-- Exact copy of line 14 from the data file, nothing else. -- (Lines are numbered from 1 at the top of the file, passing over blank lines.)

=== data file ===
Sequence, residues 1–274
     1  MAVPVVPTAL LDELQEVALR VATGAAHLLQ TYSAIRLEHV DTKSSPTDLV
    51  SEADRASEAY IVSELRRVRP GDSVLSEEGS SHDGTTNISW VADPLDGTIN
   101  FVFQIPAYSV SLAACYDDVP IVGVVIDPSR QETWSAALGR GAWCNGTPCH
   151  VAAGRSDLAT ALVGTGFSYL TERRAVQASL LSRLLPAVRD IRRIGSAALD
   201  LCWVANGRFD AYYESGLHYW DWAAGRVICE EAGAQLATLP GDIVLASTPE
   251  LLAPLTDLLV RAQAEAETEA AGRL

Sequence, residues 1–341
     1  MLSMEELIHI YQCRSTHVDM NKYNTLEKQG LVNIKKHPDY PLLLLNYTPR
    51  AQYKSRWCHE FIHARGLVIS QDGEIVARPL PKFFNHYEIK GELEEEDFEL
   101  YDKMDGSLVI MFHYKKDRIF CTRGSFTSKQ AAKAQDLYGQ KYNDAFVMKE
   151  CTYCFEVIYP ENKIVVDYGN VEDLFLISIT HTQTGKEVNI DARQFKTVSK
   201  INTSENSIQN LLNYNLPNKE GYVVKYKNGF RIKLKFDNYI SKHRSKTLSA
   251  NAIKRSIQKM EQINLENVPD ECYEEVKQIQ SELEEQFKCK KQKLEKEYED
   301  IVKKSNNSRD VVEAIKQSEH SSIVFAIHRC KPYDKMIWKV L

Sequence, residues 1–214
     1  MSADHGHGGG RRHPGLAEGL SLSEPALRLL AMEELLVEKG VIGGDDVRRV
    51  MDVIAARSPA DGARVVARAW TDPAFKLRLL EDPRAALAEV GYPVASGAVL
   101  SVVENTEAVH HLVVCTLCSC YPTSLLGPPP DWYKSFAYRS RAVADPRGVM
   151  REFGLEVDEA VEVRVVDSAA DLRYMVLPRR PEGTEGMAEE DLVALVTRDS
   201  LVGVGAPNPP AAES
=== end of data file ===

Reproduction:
   251  NAIKRSIQKM EQINLENVPD ECYEEVKQIQ SELEEQFKCK KQKLEKEYED